The narrator, too, limns his pickup truck, again listing his possessions. I think that this is kind of like setting a stage with props; perhaps Kenney is implying, in having the narrator pay so much attention to his physical world, that space is important to who we are. I would agree with that whole-heartedly. Even if things don't make us, they can certainly make us comfortable. And I don't mean extraneous things, but one's familiar watch-cap, the known cracks on the vinyl, the aged and geometric metal cab of a pickup: these things serve as touchpoints in our day-to-day wanderings.

After the choppy lists and notes about the external, the syntax suddenly shifts in the final six lines. The only time the narrator leaves early-morning mode is thinking of the moon and of his love. The last lines are wonderfully constructed: layered, repeated images, balanced, tense emotion, and a remarkable use of enjambment roll the poem to its sudden and beautiful conclusion. It occurred to me about half way through this close-read that there are a lot of arcs in the poem, leading to the final (and privileged) arc of the moon. The final lines cycle these arcs, first in the gleam of the key-ring, then in the chrome cutting the wrist (a beautiful example of onomatopoeia, sound words), and finally in the moon-track's cool tiara. These arcs perhaps imply a sort of cradling, being held.

Then, too, the tenderness of the moon-track (what could be softer than a moonbeam?) contrasts sharply with the cold cut of chrome or even the chilly, fragmented opening lines. This gentleness sets the end of the poem apart as a special moment, a great in-breath. The final hyphen freezes it at that, then, crystallizing the emotion at it's peak, emphasizing the importance of the lover by having "love" conclude the poem, and truncating the slab of time very suddenly and specifically. It never exhales.

All of that said, we can return to the question with which I began this PotW: reading or experience? I know that, for me, there are times when I do hole myself up with books, when a paper world is easier to live in than my own. But I usually get uncomfortable after a day or so of that, and go back into an emotional world. My dad once told me that one of his worries for me was that I would learn that it is very easy to lose one's emotions in work; ever since, I have been attuned to my own experiences reading, writing, and working. I would never sacrifice my own life and my own experiences to stay in and read. At the same time, though, reading is part of my experience of living. I suppose that it's like most things, then; if you don't overdo it, it can be wonderful. Reading enriches myself and (I am confident to say) others. I certainly hope so, at any rate!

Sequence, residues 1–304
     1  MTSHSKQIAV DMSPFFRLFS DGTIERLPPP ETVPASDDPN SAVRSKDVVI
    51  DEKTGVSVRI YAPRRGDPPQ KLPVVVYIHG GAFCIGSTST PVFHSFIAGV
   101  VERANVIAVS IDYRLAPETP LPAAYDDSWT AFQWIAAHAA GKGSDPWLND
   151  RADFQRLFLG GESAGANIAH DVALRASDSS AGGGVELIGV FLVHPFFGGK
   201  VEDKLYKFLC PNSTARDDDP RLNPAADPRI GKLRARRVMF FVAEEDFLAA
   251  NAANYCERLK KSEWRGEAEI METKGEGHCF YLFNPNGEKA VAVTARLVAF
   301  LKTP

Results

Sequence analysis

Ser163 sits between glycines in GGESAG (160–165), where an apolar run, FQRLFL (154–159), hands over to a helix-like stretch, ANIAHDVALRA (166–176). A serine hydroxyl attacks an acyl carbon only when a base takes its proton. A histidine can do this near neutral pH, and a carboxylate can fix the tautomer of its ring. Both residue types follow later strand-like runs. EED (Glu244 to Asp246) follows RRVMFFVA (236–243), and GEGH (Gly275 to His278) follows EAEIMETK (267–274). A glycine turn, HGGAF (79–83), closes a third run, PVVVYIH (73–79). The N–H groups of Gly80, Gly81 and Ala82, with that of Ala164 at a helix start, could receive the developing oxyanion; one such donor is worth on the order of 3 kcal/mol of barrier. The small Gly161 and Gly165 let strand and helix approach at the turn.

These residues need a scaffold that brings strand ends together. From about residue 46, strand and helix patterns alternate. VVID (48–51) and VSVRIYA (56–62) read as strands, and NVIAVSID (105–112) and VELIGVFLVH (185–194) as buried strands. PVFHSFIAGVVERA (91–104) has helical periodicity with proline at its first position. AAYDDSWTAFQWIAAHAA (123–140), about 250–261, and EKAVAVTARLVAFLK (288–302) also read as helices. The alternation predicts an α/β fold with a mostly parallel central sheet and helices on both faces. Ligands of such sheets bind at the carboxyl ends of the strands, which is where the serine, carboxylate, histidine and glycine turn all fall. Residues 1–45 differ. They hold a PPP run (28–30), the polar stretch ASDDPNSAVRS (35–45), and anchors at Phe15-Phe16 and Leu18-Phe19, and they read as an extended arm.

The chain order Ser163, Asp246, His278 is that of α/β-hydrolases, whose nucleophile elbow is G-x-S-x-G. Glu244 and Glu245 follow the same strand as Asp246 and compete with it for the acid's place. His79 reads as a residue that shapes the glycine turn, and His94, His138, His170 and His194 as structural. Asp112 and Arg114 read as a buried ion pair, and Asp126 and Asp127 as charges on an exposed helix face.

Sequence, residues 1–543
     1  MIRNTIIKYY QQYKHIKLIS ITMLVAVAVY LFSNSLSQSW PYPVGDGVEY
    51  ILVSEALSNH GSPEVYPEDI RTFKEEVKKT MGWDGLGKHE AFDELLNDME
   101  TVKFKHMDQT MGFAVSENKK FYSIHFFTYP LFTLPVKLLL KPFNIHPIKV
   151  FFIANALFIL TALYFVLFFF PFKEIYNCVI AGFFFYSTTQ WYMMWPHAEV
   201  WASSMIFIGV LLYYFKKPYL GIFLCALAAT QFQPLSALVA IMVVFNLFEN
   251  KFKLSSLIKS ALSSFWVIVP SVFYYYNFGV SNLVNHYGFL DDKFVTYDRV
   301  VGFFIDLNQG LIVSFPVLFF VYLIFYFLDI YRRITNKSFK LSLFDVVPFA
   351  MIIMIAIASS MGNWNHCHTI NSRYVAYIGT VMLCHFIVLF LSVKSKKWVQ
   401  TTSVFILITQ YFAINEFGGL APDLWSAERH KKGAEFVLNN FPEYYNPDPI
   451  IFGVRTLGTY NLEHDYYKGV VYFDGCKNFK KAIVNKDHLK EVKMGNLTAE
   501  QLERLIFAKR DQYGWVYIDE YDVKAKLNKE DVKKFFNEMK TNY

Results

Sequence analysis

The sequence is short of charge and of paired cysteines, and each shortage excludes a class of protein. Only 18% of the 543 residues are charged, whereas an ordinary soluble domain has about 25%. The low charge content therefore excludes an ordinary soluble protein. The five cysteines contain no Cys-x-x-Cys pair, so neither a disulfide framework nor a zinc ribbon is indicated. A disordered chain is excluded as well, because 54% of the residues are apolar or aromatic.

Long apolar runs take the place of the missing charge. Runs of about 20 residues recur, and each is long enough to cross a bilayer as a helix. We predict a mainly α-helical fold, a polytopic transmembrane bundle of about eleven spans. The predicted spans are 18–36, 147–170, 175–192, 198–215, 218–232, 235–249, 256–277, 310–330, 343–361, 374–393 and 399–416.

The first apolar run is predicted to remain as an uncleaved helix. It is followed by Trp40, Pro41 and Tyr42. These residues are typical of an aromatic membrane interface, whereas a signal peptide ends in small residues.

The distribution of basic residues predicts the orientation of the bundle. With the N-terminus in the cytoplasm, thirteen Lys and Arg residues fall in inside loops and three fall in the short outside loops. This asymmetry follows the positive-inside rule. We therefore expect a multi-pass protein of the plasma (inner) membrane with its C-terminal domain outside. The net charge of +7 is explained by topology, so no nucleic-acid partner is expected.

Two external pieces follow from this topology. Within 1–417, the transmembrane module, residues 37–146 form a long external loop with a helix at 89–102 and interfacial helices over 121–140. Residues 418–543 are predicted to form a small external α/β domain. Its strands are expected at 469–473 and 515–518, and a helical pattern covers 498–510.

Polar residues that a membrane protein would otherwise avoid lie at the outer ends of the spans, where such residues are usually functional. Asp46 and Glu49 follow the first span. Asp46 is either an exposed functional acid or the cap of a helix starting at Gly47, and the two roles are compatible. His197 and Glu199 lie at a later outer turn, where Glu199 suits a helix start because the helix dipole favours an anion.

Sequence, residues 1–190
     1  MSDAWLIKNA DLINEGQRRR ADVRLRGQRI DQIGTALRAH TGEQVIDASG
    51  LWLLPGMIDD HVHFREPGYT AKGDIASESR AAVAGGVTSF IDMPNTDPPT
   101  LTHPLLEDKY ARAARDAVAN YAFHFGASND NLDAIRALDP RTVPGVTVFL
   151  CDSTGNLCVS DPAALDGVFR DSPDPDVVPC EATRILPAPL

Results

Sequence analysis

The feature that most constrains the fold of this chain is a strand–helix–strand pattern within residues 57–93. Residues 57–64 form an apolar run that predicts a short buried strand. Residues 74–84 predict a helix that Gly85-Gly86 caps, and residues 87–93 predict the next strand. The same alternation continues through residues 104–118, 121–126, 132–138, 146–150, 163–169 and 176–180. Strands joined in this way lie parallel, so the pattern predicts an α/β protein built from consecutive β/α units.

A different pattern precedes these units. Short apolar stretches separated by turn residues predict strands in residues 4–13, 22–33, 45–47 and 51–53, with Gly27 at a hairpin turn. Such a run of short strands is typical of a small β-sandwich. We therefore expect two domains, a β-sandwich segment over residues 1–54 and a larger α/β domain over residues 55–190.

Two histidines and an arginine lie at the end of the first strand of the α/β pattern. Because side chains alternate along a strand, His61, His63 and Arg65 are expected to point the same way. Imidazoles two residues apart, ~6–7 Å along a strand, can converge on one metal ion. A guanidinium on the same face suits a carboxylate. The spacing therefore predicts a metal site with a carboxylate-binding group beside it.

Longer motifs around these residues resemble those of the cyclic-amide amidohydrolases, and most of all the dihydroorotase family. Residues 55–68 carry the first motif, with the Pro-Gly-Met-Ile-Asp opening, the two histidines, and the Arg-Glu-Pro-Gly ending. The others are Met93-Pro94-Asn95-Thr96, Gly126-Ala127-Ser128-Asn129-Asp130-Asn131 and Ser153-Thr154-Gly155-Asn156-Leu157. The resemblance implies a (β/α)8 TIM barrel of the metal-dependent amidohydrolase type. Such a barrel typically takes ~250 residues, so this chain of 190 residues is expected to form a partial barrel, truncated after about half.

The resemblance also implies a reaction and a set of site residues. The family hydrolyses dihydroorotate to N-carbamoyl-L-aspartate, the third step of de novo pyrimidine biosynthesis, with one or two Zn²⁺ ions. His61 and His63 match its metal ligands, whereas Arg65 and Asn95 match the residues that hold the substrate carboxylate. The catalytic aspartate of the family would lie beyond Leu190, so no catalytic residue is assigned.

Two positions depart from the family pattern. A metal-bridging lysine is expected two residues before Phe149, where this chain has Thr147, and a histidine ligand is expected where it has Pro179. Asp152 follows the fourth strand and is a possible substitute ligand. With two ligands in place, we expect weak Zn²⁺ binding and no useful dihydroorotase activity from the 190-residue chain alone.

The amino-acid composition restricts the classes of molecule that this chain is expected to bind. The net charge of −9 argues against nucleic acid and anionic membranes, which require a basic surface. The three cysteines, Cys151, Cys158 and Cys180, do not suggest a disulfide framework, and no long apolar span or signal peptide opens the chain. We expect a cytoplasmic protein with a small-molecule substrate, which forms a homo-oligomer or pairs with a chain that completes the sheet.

And if this Poem of the Week has been somewhat less thesis-oriented, I think I like it better that way. I realized that a close-read is a close read, but I don't want the PotW to be an extra essay a week. I want it to be a forum for thought, for communication, and wherein my appreciation for and love of these poems can shine through. So I appreciate all of you who read this every week, or at least when you can. It really does mean so much to me! I hope that you are all doing well.

*for a picture of a watch-cap, go to this website, a random google find:

Monday, December 12, 2005

Poem of the Week 12/12/2005: Echoes


There is a timbre of voice
that comes from not being heard
and knowing .. you are not being
heard .. noticed only
by others .. not heard
for the same reason.

The flavor of midnight fruit .. tongue
calling your body through dark light
piercing the allure of safety
ripping the glitter of silence
around you
...... dazzle me with color
...... and perhaps I won't notice
till after you're gone
your hot grain smell tattooed
into each new poem .. resonant
beyond escape .. I am listening
in that fine space
between desire and always
the grave stillness
before choice.

As my tongue unravels
in what pitch
will the scream hang unsung
or shiver like lace on the borders
of never .. recording
which dreams heal .. which
dream can kill
stabbing a man and burning his body
for cover .. being caught
making love to a woman
I do not know.

Audre Lourde 1993

Reason # 2 I am leaving Blogger come winter break: I can't put in the poetic forms with spaces - for some reason Blogger's programming language doesn't absorb the blank spaces I put in. So, if you will, please imagine that the ellipses are blank spaces. if this is hard to do, you could past the poem into Word and replace them yourself... The form is important for this poem, so I had to provide some kind of indication of it.

Alright, anyway. I can't spend too long on this poem because it's finals week, but I will put forth a few observations. (Please note that I am going to go back over winter break and fill in the PotW holes. I know that I have said this before, but it keeps being true!) This poem is, in its way, a love poem. It runs more deeply than a simple love sonnet, however. I want to offer you the fact that Audre Lourde has labeled herself a "black lesbian feminist warrior poet." Thus, the speaker is probably a woman, and the first stanza probably recalls a minority's experience. In this light, then, the poem takes on a weightier social significance - discussing the difficulties of being in a persecuted group of people, extending this to the individual (perhaps personal oppression by society has closed off the speaker's lover), and then making it relevant to the human experience.